Tony Wickenden: The lessons from failed pension transfer IHT case

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Last week’s article looked at the case of Mrs. Staveley versus HM Revenue & Customs in relation to pension transfers made by people in ill health within two years of their death and how an inheritance tax charge could arise.

As well as considering whether there was a transfer of value under section 3(1) IHT Act 1984 (which the Upper Tribunal concluded there was not), it was also necessary to consider whether there had been an omission to exercise a right under section 3(3) IHT Act 1984.

On the question of an omission to exercise a right, HMRC had previously won the case in front of the First Tier Tribunal. For section 3(3) to apply, the omission must be deliberate and lead to an increase in the estate of another person. In this case, those other persons were Mrs Staveley’s sons.

In the UT, the estate did not dispute the fact that Mrs Staveley had expressed a deliberate omission to take lifetime benefits. However, there was a challenge on the basis her omission did not amount to a disposition, which was required for the provision to apply.

In effect, the estate argued that the increase in the estates of Mrs Staveley’s sons (who benefited from death benefits under the Axa personal pension plan) were not sufficiently connected to the non-payment of benefits to Mrs Staveley.

The estate argued the sons benefited because of the exercise of a discretionary power by the scheme administrator. While the scheme administrator was likely to exercise this in favour of the beneficiaries named in the letter of wishes, there was no guarantee they would follow this instruction. The UT said:

“In our judgment, the proximate cause of the increase in the estates of the two sons was the exercise of the discretion of the scheme administrator. Their estates were increased “by” the exercise of that discretion, and not by the omission of Mrs Staveley to exercise her right to take lifetime benefits.

“There would have been no increase in the value of the son’s estates but for the omission to take those benefits, but the test is not a “but for” test and it was not the omission which had the effect of increasing the sons’ estates; it was the exercise of the scheme administrator’s discretion. It follows, therefore, that the conditions of s 3(3) are not satisfied with respect to Mrs Staveley’s omission, and that omission cannot be treated as a disposition or as a transfer of value within s 3(1).”

The UT therefore accepted the taxpayer’s arguments and HMRC lost on both counts.

While clearly dependent on its own facts in relation to the key point of principle and not giving a blanket exemption from IHT problems on transfers made within two years of death, this case could be of considerable importance in determining the future IHT treatment of transfers of pension schemes.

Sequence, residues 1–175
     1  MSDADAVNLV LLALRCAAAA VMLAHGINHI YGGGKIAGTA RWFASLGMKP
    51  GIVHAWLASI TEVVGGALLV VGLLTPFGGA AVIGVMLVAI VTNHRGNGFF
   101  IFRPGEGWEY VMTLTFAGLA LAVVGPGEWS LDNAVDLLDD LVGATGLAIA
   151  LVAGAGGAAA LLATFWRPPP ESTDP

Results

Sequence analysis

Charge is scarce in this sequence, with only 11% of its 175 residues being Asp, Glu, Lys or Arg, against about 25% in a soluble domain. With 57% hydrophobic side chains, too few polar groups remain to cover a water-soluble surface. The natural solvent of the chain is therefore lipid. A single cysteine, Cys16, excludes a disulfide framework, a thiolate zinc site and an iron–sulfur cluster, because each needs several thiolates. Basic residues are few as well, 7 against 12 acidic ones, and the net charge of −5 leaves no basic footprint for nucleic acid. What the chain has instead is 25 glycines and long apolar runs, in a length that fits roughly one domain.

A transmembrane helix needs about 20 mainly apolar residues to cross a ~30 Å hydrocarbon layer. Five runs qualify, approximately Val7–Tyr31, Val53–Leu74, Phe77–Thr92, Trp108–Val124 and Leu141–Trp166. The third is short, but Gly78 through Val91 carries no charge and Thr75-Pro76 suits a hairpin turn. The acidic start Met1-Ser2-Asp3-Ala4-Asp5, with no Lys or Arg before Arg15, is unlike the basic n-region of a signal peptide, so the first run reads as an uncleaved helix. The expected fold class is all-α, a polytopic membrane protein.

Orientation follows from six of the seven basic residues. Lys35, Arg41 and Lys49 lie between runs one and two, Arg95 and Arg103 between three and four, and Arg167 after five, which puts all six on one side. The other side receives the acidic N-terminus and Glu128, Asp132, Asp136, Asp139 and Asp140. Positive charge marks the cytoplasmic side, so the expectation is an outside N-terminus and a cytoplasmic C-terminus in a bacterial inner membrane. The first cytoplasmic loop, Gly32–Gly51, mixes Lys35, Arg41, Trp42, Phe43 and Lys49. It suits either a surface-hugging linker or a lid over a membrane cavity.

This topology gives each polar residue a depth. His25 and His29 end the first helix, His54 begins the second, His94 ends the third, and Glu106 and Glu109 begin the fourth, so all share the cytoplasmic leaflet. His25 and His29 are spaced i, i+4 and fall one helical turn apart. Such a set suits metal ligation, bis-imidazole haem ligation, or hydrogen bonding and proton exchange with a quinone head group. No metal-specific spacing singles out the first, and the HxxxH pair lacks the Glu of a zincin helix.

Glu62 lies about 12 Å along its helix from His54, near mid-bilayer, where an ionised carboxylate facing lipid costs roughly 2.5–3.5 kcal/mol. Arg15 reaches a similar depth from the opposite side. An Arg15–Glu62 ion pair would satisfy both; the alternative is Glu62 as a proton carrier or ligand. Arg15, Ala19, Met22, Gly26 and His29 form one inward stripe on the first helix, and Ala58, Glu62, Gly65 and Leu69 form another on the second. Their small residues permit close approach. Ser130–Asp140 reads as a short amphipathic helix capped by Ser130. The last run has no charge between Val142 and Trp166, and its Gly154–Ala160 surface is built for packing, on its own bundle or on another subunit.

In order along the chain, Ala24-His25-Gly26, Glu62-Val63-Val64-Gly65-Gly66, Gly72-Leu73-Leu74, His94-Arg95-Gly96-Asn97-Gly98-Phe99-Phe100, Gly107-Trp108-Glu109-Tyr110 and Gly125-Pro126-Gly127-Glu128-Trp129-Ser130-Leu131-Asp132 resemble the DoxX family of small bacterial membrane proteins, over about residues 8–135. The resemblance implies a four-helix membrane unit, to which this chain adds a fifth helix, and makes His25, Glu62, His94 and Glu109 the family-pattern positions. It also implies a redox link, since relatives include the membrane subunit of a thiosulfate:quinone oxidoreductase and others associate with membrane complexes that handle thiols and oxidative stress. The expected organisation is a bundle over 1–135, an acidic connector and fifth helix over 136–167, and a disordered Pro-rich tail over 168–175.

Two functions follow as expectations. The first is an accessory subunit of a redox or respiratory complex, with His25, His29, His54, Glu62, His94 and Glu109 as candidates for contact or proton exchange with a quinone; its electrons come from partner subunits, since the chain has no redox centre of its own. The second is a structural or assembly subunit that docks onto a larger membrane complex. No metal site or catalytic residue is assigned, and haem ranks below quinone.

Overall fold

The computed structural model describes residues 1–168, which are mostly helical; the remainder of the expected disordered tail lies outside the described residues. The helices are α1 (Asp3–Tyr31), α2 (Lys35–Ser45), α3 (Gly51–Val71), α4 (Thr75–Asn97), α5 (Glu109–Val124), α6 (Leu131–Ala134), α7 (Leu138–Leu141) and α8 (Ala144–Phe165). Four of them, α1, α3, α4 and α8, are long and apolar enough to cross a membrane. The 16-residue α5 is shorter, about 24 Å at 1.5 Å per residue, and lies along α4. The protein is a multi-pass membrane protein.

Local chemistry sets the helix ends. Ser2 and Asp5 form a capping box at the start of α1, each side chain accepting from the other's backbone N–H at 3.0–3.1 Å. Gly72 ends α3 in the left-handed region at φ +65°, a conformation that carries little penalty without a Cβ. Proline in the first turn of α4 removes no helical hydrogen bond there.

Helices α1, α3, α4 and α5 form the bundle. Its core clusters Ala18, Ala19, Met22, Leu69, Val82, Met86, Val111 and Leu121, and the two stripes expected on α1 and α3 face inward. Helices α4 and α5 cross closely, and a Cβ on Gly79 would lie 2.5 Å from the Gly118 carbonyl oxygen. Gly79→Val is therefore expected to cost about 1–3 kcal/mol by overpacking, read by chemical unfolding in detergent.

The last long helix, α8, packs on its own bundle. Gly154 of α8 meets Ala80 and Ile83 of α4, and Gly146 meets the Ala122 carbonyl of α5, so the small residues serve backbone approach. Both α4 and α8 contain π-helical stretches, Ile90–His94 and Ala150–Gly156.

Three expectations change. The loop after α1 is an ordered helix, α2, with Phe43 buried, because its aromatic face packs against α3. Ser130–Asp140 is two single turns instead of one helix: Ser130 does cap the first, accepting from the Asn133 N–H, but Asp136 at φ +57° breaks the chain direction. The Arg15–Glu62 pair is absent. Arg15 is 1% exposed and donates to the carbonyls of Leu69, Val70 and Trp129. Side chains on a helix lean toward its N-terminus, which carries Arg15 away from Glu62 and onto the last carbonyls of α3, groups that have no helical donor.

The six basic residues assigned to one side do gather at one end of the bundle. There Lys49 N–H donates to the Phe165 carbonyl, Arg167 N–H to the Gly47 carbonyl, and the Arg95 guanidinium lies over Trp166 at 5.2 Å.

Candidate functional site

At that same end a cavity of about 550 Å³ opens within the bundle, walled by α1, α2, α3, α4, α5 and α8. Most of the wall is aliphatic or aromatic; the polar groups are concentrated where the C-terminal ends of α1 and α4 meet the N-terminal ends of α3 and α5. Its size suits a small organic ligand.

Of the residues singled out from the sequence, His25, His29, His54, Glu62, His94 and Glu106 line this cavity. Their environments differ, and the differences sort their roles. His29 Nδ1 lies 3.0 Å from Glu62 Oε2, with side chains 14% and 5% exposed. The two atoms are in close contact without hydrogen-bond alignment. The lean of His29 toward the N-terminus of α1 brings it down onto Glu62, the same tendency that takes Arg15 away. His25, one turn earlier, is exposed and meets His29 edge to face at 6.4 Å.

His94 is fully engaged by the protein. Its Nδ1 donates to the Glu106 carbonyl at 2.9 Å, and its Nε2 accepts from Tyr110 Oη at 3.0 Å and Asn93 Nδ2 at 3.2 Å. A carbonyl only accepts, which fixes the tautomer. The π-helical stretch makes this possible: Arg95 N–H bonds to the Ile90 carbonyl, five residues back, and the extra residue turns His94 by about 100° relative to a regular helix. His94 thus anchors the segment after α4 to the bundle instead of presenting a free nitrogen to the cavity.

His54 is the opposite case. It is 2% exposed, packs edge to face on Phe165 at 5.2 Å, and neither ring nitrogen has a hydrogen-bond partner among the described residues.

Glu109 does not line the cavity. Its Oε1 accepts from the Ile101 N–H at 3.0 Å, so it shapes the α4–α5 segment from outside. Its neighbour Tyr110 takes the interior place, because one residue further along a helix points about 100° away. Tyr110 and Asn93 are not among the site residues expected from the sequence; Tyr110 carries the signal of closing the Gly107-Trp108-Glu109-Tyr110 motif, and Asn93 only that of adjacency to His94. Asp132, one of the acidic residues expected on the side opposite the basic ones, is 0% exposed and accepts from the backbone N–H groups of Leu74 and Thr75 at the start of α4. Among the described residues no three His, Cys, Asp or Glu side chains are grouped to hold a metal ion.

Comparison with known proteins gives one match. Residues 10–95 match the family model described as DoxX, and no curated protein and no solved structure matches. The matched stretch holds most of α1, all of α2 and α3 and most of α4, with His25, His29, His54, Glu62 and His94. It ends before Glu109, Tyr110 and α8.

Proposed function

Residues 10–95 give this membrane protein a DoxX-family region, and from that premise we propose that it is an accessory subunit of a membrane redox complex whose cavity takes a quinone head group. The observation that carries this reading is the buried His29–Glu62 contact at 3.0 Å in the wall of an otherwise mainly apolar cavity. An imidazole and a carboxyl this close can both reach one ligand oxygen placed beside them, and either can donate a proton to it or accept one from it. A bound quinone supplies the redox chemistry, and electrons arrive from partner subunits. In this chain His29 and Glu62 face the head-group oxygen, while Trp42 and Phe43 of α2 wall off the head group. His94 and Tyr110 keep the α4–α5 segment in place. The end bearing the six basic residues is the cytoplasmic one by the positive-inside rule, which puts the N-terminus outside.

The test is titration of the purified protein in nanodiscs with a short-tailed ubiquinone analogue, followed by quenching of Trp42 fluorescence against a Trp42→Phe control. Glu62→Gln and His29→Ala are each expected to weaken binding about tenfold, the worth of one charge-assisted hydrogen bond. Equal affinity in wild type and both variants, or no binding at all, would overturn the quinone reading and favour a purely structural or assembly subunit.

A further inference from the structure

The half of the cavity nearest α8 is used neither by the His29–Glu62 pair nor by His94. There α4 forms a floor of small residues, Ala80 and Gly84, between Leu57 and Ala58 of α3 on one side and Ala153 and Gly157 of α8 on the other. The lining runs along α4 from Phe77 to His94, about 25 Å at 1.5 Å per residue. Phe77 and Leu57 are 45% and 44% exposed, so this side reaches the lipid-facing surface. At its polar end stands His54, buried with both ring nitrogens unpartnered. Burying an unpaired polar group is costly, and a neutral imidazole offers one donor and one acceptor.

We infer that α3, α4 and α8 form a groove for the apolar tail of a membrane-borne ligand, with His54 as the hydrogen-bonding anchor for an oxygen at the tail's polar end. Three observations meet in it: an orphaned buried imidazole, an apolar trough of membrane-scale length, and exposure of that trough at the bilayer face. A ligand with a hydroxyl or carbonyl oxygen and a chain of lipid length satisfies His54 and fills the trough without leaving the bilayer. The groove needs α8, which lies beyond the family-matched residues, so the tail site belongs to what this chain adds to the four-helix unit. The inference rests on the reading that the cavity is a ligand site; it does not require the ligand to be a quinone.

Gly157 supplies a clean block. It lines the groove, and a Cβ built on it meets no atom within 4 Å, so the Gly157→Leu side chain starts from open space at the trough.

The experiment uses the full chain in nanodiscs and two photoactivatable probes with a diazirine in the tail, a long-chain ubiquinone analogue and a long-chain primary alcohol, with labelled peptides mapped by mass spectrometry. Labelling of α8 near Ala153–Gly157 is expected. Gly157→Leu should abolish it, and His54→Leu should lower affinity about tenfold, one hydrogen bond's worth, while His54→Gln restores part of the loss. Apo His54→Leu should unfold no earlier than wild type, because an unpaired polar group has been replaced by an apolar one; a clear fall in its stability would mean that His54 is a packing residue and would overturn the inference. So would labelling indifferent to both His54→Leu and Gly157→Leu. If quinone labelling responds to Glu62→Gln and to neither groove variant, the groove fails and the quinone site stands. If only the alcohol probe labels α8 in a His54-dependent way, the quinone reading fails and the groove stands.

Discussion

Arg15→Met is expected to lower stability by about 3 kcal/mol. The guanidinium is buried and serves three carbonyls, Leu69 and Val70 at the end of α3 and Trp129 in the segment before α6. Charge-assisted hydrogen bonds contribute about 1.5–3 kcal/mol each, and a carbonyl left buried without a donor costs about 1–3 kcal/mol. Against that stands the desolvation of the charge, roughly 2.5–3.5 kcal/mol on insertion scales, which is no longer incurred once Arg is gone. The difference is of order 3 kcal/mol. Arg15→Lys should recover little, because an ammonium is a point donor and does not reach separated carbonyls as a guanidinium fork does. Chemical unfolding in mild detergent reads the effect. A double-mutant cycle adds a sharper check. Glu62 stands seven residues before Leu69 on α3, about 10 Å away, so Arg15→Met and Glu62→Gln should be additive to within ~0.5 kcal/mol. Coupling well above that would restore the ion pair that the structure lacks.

Of course, since the Finance Act 2011, the omission to exercise a right rule in section 3(3) is no longer relevant to registered pension plans (sections 12(2ZA) and 12A IHT Act 1984). HMRC undoubtedly challenges pension transfers made by people in seriously ill health under section 3(1), though.

It is to be hoped that following this judgment, irrespective of ill health, if it can be shown that the sole reason for the transfer was other than to confer a gratuitous benefit on another person, then no lifetime transfer of value should arise for IHT purposes (even if such a benefit is a consequential result).

As I say, much will depend on the facts of each case and it is important to remind potentially affected individuals of this. Reasons other than conferring gratuitous benefit might be commercial, such as a transfer to reduce plan charges, or to gain access to a greater range of investment funds or pension flexibility.

It is not certain how easy this will be to demonstrate and how far one needs to go to distance the pension transfer from the payment of death benefits that are free of IHT.

It will be interesting to observe HMRC’s reaction to the decision in this case and we do not yet know if it intends to appeal. Current disputed cases should certainly be reviewed in light of this judgment. HMRC will hopefully issue revised guidance in due course.

Tony Wickenden is joint managing director of Technical Connection. You can find him Tweeting @tecconn

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Comments

There are 2 comments at the moment, we would love to hear your opinion too.

  1. It might also be worth noting that the notes made and advice given by a client’s IFA may also be used in evidence. Indeed, it might prove decisive, so great care should be taken.

  2. Are we saying here then, that the saving factor was that the scheme administrators are who increased her sons estate from the pension, not the underlying client? Previous reports had mentioned that the intent was never to reduce impact of any potential IHT(even though there wouldn’t be) just she didn’t want her ex husband to get any of it. Is that completely redundant in this case now?

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